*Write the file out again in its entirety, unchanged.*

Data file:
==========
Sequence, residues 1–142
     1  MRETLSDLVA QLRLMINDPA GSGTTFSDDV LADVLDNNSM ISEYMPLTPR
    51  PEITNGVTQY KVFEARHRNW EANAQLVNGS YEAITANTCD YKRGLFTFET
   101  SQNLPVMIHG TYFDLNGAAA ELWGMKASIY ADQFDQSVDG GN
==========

Sequence, residues 1–142
     1  MRETLSDLVA QLRLMINDPA GSGTTFSDDV LADVLDNNSM ISEYMPLTPR
    51  PEITNGVTQY KVFEARHRNW EANAQLVNGS YEAITANTCD YKRGLFTFET
   101  SQNLPVMIHG TYFDLNGAAA ELWGMKASIY ADQFDQSVDG GN